To be Continued

The next posts will further explore Celtic mythology and religious believes.

References:

Peter Berresford Ellis, The Druids; Published in USA by William B. Eerdmans Publishing Company, Grand Rapids, MI; 1995.

Julius Caesar, translated by F. P. Long, The Conquest of Gaul; United States: Barnes & Noble, Inc., 2005.

Joseph Campbell, The Power of Myth with Bill Moyers; Printed in USA by First Anchor Books Edition, NY; 1991.

Celtic Heroines: Golden Age of Warriors and Queens

“We have not even to risk the adventure alone, for the heroes of all time have gone before us. The labyrinth is thoroughly know. We have only to follow the thread of the hero path…And where we had thought to be alone, we will be with all of the world.”—Joseph Campbell, The Power of Myth

Introduction

The epic historical fantasy, APOLLO’S RAVEN, is the first novel in the Spirit Warrior Chronicles set in 1st Century Britain and Rome. The primary character is Catrin, a Canatiaci warrior princess in southeast Britain. Not only is she trained as a warrior, but she uses raven mystical powers to help her parents defend their kingdom against a rival tribal king and her half-brother. She meets the great-grandson of Marc Antony, Marcellus, when he accompanies his father, a Roman senator, to arbitrate a settlement between the rival tribal kingdoms. Catrin and Marcellus bridge their cultural differences and form an unlikely friendship that develops into a deeper relationship which could threaten the political powers in Britain and Rome.

Celtic Spiritual Warrior

Catrin, Celtic Spirit Warrior

This unpublished novel is inspired by historical accounts and mythology of Celtic heroines who had significant roles as warriors, rulers, and spiritual advisers in the Celtic society. Celtic women were distinctly different from their Greek and Roman counterparts, as they had more liberty, legal rights, and status. This may be due, in part, because females often fended for themselves at home while their menfolk plundered, invaded, or served as mercenaries in foreign lands. Ancient classical historians also provided accounts that women incited, participated, and led battles.

Celtic Heroine Warriors 

Classical writers described Celtic females as not only strong and courageous warriors, but they were beautiful with comely bodies. Classical writer Diodorus wrote Celtic women were “nearly as tall as the men, whom they rivaled in courage.”

Roman historian Marcus Borealis further elaborated: “The women of the Celtic tribes are bigger and stronger than our Roman women. This is most likely due to their natures as well as their peculiar fondness for all things martial and robust. The flaxen haired maidens of the north are trained in sports and war while our gentle ladies are content to do their womanly duties and thus are less powerful than most young girls from Gaul and the hinterlands.”

Celtic Woman Warrior Prepares for Battle

Celtic Woman Warrior Prepares for Battle

Ammianus Marcellinus wrote a lively description of Celtic woman in battle as follows: “…a whole band of foreigners will be unable to cope with one [Celt] in a fight if he calls on his wife, stronger than he by far and with flashing eyes; least of all when she swells her neck and gnashes her teeth, and poising her huge white arms, begins to rain blows mingled with kicks like shots discharged by the twisted cords of a catapult.”

Celtic Spiritual Warrior

Celtic woman warrior in sword fight

Though men usually held the highest political authority, it was not uncommon for women to rule as queens and military commanders. The 1st-century Roman historian Tacitus wrote the Britons “are used to women commanders in war,” and offered detailed reports on the exploits of two warrior queens—Cartimandua and Boudicca.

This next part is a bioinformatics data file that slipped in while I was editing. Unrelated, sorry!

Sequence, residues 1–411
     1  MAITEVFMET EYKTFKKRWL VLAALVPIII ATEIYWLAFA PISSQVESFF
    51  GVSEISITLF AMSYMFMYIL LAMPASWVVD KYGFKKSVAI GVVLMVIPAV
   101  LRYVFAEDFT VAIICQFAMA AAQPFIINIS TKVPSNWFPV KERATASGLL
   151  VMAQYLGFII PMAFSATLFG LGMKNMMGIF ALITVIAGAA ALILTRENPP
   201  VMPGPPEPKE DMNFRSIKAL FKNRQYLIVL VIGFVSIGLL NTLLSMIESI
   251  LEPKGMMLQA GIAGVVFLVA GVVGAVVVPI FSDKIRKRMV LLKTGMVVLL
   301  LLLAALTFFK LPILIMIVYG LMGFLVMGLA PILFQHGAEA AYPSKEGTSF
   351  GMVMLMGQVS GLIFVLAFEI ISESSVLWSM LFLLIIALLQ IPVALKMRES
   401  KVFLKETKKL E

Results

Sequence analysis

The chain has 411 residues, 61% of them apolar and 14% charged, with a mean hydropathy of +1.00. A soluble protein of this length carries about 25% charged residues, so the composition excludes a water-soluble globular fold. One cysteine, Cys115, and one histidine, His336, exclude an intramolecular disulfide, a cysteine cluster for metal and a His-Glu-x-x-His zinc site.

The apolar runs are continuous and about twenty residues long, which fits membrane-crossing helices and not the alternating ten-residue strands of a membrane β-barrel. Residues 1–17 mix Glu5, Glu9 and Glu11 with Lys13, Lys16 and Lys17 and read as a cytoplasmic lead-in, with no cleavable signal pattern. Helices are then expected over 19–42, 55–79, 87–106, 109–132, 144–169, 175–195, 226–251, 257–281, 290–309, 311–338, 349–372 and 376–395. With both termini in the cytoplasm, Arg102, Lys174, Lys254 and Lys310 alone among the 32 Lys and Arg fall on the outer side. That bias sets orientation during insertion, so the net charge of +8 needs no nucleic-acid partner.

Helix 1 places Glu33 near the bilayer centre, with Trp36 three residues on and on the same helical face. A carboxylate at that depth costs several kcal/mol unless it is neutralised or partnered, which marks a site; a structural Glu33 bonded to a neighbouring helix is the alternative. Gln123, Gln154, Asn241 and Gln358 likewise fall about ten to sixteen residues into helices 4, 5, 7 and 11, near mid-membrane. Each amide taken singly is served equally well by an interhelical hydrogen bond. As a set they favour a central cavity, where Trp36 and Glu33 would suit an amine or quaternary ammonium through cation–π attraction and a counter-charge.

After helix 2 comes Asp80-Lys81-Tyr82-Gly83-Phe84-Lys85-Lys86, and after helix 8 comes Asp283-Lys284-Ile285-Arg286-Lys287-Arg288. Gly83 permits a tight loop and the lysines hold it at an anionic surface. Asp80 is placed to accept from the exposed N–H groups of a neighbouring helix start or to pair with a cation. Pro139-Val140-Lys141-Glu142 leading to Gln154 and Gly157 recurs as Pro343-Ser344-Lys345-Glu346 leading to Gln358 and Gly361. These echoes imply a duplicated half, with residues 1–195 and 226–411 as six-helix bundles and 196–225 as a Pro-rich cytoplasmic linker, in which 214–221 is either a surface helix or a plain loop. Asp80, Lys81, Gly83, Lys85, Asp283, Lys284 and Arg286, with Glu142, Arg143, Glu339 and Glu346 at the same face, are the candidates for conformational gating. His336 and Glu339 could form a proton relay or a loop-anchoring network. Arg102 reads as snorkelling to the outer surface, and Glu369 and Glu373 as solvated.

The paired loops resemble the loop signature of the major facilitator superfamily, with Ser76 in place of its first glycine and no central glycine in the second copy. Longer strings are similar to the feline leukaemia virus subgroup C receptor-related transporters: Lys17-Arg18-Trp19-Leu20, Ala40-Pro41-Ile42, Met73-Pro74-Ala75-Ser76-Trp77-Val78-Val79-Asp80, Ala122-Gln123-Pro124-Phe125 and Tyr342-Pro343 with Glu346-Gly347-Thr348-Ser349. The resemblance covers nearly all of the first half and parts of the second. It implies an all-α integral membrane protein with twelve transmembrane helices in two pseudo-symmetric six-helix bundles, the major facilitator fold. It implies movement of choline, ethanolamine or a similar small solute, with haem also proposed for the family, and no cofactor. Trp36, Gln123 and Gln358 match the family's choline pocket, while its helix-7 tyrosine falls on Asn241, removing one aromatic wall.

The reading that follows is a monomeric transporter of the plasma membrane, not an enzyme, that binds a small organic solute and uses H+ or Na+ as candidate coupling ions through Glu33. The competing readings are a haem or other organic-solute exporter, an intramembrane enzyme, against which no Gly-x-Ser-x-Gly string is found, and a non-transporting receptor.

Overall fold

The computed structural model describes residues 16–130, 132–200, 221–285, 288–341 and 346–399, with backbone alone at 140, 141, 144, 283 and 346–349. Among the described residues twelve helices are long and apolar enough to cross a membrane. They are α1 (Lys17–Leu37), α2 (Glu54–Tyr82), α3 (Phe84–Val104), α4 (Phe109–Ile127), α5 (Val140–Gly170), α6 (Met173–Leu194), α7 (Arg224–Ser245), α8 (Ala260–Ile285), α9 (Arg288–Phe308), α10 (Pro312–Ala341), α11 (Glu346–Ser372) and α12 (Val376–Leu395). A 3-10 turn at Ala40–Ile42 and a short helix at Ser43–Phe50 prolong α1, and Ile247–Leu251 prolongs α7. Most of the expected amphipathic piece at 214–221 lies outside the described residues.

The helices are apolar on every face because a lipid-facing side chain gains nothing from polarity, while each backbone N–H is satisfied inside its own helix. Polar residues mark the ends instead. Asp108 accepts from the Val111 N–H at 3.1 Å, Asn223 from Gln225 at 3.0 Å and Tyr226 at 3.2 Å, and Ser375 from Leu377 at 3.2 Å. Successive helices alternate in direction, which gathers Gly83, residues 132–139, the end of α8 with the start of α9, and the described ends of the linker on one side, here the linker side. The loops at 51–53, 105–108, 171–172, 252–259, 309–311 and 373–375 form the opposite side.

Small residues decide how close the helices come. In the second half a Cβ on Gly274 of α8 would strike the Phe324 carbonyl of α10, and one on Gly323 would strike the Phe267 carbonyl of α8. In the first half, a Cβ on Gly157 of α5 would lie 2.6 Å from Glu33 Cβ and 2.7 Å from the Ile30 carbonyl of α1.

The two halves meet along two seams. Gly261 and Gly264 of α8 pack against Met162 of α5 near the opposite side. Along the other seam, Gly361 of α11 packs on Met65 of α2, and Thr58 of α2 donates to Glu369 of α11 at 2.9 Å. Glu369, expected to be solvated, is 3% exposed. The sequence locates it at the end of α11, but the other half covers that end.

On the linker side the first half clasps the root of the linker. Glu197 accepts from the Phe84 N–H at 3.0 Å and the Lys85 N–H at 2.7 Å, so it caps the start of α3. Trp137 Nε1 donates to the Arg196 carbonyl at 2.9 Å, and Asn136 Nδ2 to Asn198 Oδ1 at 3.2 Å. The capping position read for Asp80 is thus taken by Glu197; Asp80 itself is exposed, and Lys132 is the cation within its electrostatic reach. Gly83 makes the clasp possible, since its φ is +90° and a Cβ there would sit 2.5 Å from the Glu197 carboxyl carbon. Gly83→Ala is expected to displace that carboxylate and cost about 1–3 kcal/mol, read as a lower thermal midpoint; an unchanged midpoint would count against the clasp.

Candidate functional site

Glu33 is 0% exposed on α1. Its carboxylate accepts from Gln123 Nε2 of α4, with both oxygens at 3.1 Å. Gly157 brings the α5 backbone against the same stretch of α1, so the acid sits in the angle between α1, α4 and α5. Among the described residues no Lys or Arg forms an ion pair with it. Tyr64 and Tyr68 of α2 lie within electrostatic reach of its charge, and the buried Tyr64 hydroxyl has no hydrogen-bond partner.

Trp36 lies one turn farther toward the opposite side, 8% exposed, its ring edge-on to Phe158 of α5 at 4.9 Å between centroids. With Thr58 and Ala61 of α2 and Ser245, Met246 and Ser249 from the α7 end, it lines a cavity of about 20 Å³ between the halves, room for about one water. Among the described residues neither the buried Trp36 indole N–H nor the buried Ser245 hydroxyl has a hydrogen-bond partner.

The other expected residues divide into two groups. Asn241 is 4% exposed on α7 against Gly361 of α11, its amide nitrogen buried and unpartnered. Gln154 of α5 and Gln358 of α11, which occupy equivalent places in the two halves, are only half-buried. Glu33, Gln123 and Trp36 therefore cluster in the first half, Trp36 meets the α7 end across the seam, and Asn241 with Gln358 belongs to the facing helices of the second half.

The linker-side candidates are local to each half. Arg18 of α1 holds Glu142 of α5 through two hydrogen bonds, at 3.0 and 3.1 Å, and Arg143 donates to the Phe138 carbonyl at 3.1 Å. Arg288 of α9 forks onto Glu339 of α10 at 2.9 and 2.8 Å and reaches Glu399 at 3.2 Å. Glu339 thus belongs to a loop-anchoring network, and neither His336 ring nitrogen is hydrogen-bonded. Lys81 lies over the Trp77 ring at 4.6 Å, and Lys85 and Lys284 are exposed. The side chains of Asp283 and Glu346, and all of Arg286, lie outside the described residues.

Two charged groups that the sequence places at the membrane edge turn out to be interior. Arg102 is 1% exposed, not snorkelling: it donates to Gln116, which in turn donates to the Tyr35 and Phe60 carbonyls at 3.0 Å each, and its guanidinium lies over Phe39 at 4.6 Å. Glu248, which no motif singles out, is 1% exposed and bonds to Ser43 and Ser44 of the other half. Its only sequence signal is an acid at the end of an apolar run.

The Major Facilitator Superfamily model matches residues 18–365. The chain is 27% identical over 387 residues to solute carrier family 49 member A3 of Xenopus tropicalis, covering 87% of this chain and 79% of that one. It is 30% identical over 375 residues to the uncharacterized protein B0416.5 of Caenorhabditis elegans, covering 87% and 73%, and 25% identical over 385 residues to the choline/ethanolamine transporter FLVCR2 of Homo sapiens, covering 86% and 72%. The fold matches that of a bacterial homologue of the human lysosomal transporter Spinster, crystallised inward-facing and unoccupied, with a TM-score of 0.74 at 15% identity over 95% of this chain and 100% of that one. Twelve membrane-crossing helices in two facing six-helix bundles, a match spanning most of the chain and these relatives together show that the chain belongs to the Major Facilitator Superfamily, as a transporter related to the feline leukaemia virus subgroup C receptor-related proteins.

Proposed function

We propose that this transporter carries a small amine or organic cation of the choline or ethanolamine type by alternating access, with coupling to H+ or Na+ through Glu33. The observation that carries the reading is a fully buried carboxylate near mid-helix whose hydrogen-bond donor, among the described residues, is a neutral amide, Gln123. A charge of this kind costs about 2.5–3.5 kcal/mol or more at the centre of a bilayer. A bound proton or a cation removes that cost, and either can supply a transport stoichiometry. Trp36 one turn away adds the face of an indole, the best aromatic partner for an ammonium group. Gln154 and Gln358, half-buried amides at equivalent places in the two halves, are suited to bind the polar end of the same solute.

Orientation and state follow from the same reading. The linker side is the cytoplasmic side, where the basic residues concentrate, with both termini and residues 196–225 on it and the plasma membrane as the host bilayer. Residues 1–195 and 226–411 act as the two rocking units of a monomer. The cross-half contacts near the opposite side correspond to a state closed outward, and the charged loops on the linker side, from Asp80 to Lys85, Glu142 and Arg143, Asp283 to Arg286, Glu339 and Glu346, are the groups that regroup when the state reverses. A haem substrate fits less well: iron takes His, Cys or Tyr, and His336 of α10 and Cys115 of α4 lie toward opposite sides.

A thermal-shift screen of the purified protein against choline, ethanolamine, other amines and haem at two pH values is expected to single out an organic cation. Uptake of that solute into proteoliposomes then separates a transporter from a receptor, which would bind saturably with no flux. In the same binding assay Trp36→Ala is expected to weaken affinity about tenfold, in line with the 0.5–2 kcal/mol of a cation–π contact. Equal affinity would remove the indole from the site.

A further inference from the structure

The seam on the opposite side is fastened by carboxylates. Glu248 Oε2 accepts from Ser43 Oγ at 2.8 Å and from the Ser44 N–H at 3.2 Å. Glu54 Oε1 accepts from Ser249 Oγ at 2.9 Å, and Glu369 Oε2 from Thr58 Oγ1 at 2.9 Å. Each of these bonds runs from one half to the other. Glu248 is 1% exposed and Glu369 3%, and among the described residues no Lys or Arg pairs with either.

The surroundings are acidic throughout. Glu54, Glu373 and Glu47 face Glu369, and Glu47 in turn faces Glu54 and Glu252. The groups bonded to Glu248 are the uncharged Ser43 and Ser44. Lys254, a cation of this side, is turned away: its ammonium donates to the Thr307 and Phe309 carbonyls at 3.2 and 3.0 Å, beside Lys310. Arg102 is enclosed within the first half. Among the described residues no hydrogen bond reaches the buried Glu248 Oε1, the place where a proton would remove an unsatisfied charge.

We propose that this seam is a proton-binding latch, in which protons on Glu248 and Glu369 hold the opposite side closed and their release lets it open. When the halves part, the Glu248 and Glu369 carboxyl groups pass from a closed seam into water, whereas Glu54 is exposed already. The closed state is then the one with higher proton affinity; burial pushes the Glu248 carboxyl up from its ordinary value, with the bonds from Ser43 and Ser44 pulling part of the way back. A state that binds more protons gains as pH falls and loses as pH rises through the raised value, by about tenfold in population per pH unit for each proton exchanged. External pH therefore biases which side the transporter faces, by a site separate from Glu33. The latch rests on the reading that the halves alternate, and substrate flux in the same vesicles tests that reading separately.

Celtic Heroine Queens

The Sleek Pony

Cartimandua, known as the sleek pony, was queen of the Brigantes, a vast tribal confederation in north-central Britain. Although Cartimandua ruled with her husband, Venutius, she held the real power to the kingdom. When the Romans invaded in 43 AD, both Cartimandua and Venutius realized the political advantages of siding with the aggressors and thus their kingdom because a thriving Roman client state around 50 AD.

However, Cartimandua lost popularity among her subjects when she betrayed the famous rebel leader Caratacus, turning him over to the Romans after he had sought asylum in her court. Her power eroded when she divorced Venutius and then married his armor bearer who she made the new king. Her actions prompted a civil war with her former husband, the Romans entering the fray and helping her to defeat Venutius in 71 AD. Though she may not have been viewed favorably in history, she still nonetheless was a powerful leader.

Celtic Woman Warrior with Sword

Celtic Woman Warrior with Sword

Boudica

Boudica was a charismatic warrior queen who united several British tribes to drive the Romans out of Britain in 61 AD. A bronze statue of Boudica driving her chariot is prominently displayed on the bank of the Thames (London) in honor of her valiant attempt to overcome her oppressors. Roman historian Dio Cassius described her as “very tall in stature, in appearance most terrifying, in the glance of her eye most fierce, harsh in voice…and with a great mass of bright red hair falling to her hips.”

Boudica Statue

Statue of Boudica

Like the Brigantes, the Iceni had formed an alliance with the Romans that at first gave them prosperity and independence. That changed when her husband, King Prasutagus, died in 60 AD and she became the leader of the Iceni. He willed half of his personal estate to Rome in the hope the gesture would demonstrate his fealty and appease the Roman Nero. The other half was bequeathed to Boudica.

But Nero would not settle for half the fortune—particularly to a mere woman. He ordered his subordinates to seize Boudica’s estate and annex the Iceni territory. When Boudica protested, the Roman soldiers flogged the queen and raped her two teenage daughters.

But the Romans would soon face her fury. The details of this rebellion will be provided in the next post.

References

Jeannine Davis-Kimball, Ph.D., Warrior Women: An Archaeologist’s Search for History Hidden Heroines; 2002; Warner Books, Inc., New York.

Cassius Dio: The Neronian Revolt of the Iceni under Suetonius Paullinus; Book LXII, Chapters 1-12 (AD 61)

Ammianus Marcellinus: The Roman History of Ammianus Marcellinus, published in Vol. I of the Loeb Classical Library edition, 1935; Book XV, 12 The Manners and Customs of the Gauls.